Re: What assumptions to use to check for orthogonality

*To*: mathgroup at smc.vnet.net*Subject*: [mg112904] Re: What assumptions to use to check for orthogonality*From*: Patrick Scheibe <pscheibe at trm.uni-leipzig.de>*Date*: Tue, 5 Oct 2010 05:35:54 -0400 (EDT)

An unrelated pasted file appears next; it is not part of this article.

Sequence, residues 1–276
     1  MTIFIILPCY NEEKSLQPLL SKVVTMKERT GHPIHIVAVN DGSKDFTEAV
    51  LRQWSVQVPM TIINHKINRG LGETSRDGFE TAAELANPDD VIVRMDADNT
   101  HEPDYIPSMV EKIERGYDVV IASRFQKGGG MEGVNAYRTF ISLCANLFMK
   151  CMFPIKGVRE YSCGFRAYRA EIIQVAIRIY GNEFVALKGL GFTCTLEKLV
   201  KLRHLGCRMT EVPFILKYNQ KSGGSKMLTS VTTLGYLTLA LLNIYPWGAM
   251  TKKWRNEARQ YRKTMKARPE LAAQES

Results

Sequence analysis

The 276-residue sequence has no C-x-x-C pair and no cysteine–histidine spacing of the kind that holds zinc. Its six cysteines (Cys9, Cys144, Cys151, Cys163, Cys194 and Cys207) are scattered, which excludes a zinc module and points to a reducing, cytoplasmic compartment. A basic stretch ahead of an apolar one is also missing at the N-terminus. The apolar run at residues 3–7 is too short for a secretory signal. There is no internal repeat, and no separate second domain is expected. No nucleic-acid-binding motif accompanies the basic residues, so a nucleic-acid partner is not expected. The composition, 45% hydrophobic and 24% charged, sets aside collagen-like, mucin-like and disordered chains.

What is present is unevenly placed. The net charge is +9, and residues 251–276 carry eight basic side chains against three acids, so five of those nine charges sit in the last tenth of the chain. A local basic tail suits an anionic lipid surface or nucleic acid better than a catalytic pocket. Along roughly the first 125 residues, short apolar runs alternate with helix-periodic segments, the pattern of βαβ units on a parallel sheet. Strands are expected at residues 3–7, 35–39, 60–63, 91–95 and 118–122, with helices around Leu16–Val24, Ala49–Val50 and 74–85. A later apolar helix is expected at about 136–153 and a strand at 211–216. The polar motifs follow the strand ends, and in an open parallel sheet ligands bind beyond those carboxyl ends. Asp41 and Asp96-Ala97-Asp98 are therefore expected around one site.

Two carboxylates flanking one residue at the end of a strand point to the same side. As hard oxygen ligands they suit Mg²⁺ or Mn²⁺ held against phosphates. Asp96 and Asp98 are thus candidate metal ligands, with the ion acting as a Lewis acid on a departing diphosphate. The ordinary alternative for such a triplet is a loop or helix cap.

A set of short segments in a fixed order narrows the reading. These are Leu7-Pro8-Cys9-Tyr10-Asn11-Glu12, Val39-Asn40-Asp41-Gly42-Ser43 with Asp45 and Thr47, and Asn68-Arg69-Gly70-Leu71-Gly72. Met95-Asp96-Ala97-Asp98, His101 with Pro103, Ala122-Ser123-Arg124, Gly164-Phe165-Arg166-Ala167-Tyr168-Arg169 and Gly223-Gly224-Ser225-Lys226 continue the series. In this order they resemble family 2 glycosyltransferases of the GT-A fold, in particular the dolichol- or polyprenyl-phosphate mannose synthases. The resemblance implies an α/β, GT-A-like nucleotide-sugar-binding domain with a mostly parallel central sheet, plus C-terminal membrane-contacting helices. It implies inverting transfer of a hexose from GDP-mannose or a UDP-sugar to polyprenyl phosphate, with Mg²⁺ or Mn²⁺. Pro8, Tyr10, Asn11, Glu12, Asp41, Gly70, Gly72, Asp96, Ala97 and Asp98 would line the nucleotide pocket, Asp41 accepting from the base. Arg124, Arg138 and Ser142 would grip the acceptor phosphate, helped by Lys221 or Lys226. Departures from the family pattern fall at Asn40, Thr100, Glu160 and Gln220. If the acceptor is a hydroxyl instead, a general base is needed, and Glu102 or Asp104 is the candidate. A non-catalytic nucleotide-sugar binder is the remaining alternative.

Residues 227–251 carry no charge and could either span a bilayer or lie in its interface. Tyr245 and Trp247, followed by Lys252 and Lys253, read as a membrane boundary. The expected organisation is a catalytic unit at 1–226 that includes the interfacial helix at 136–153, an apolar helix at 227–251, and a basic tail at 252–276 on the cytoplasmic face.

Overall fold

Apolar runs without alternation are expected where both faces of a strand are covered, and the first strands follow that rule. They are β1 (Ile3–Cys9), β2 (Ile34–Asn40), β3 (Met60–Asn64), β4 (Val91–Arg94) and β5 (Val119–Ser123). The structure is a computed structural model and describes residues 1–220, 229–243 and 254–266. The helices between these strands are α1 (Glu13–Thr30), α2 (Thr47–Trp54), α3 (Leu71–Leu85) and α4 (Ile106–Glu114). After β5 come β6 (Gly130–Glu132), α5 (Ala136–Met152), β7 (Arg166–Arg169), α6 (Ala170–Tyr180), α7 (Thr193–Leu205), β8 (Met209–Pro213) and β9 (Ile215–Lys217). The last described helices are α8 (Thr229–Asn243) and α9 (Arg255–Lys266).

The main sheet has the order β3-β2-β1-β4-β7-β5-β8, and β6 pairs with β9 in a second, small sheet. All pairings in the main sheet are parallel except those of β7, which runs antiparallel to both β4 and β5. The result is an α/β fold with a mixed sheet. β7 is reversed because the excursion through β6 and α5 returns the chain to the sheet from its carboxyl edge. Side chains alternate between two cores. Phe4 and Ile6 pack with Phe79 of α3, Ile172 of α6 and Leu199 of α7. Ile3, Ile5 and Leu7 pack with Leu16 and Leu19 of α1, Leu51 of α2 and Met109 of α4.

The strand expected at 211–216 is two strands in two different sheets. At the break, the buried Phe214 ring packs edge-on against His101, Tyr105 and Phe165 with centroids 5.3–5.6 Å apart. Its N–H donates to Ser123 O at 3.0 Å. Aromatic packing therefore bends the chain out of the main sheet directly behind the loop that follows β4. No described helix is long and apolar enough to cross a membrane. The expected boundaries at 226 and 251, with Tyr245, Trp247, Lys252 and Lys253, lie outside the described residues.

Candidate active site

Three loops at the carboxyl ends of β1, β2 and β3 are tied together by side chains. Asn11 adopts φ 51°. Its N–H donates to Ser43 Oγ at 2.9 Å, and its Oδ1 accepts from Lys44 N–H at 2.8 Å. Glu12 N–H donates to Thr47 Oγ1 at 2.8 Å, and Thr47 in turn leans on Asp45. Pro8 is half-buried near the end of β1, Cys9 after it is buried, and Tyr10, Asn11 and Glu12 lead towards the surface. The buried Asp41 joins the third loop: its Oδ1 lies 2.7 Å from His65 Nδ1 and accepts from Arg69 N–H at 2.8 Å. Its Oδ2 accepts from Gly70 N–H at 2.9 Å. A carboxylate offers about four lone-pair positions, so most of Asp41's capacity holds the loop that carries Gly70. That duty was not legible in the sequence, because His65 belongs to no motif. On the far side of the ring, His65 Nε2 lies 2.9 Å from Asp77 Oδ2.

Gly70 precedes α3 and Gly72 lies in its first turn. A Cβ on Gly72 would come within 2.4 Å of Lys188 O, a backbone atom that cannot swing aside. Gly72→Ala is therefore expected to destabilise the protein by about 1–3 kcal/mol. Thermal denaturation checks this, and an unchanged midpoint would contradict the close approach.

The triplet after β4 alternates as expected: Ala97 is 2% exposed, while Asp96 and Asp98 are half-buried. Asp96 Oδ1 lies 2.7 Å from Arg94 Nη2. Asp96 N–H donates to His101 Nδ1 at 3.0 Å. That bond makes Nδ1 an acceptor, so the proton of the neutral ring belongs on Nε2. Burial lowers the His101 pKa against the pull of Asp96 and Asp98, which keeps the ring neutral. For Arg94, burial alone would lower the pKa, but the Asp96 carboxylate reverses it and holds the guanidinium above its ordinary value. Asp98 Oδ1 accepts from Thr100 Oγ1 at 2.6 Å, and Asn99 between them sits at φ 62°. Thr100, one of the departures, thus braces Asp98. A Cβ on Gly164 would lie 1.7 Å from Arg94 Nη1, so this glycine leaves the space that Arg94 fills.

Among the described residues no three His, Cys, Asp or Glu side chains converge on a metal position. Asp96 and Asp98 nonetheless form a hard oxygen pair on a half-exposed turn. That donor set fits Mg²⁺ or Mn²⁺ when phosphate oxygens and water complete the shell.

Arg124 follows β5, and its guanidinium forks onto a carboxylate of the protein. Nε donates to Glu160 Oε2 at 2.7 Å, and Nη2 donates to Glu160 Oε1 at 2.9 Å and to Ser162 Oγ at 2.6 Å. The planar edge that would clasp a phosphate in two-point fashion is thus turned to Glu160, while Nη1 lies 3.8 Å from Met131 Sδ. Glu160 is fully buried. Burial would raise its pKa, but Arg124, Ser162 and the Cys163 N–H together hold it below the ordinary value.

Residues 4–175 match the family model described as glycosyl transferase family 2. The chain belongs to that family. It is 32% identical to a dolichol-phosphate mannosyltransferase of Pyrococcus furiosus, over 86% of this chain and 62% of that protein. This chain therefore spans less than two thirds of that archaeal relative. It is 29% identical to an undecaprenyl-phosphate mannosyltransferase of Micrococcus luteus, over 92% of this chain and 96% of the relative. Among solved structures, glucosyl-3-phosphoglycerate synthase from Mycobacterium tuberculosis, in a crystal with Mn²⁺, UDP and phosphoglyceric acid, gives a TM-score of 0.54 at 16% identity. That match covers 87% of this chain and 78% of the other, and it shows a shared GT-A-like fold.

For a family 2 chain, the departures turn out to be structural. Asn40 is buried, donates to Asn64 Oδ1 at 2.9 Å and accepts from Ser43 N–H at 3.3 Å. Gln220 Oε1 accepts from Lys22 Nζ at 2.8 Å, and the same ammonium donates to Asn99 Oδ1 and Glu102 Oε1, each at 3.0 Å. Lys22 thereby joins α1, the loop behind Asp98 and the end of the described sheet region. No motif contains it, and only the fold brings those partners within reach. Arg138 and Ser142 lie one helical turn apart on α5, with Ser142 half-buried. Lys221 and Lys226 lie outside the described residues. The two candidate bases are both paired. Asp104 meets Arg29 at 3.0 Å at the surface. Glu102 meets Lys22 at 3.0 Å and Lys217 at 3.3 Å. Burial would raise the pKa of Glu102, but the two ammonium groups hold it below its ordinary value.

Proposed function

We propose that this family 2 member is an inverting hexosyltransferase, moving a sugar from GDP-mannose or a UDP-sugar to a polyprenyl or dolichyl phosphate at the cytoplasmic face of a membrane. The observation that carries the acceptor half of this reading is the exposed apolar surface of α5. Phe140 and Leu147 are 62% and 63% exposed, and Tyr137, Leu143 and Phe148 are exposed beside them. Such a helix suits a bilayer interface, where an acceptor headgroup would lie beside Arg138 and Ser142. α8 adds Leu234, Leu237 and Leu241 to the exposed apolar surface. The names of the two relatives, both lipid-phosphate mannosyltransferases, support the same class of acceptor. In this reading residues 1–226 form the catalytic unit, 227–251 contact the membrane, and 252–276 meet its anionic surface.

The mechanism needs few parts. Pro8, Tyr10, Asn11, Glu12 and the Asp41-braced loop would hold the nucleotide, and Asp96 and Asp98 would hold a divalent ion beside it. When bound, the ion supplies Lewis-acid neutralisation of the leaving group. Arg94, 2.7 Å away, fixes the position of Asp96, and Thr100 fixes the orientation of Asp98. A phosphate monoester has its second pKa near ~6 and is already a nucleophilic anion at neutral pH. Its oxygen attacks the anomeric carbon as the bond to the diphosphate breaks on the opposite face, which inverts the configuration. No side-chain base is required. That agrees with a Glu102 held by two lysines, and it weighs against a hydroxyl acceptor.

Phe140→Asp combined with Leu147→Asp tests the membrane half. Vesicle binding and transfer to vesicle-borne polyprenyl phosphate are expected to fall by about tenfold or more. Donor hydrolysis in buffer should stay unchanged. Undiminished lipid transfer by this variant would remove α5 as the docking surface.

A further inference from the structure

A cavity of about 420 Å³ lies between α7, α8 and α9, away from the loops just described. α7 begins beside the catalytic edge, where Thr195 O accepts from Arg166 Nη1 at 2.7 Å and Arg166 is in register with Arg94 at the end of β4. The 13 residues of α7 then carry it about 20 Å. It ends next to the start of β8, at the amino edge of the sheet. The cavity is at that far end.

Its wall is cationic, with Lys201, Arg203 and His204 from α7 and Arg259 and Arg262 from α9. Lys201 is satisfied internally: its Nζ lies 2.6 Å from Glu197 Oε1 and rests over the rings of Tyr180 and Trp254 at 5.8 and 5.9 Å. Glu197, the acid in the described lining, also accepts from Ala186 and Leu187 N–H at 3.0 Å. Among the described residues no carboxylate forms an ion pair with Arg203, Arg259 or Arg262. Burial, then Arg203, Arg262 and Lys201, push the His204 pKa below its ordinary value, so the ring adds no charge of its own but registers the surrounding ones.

Hi, sorry I just skimmed over your post. What about Clear[n, m, x] r = Integrate[Cos[n*x]*Cos[m*x], {x, -Pi, Pi}] (* The case m=n *) FullSimplify[Limit[r, m -> n], Element[n, Integers]] (* The case m!=n *) FullSimplify[r, Element[{n, m}, Integers] && n != m] Cheers Patrick On Mon, 2010-10-04 at 06:06 -0400, Nasser M. Abbasi wrote: > This is basic thing, and I remember doing this or reading about it before. > > I am trying to show that Cos[m Pi x], Cos[n Pi x] are orthogonal > functions, m,n are integers, i.e. using the inner product definition > > Integrate[Cos[n*Pi*x]*Cos[m*Pi*x], {x, 0, 1}]; > > So, the above is ZERO when n not equal to m and 1/2 when n=m. hence > orthogonal functions. > > This is what I tried: > > ------ case 1 ------------- > Clear[n, m, x] > r = Integrate[Cos[n*Pi*x]*Cos[m*Pi*x], {x, 0, 1}]; > Assuming[Element[{n, m}, Integers], Simplify[r]] > > Out[167]= 0 > ---------------- > > I was expecting to get a result with conditional on it using Piecewise > notation. > > Then I tried > > ---------case 2 ------------ > Clear[n, m, x] > r = Integrate[Cos[n*Pi*x]*Cos[m*Pi*x], {x, 0, 1}]; > Assuming[Element[{n, m}, Integers] && n != m, Simplify[r]] > > Out[140]= 0 > > Assuming[Element[{n, m}, Integers] && n == m, Simplify[r]] > > Out[184]= Indeterminate > ---------------- > > So, it looks like one has to do the limit by 'hand' to see that for n=m > we get non-zero? > > ------------------- > Clear[n, m, x] > r = Integrate[Cos[n*Pi*x]*Cos[m*Pi*x], {x, 0, 1}]; > Limit[Limit[r, n -> m], m -> 1] > > Out[155]= 1/2 > > Limit[Limit[r, n -> 1], m -> 99] > > Out[187]= 0 > ---------------------------- > > > So, is there a way to get Mathematica to tell me that the integral is > zero for m!=n and 1/2 when n=m? (tried Reduce, Refine). It seems the > problem is that the Integrate is not taking the limit automatically to > determine what happens when n=m? Should it at least in case have told me > that when n!=m it is zero, and when n=m it is Indeterminate? It just > said zero which is not correct when n=m and I did say n,m are integers. > > thanks > --Nasser >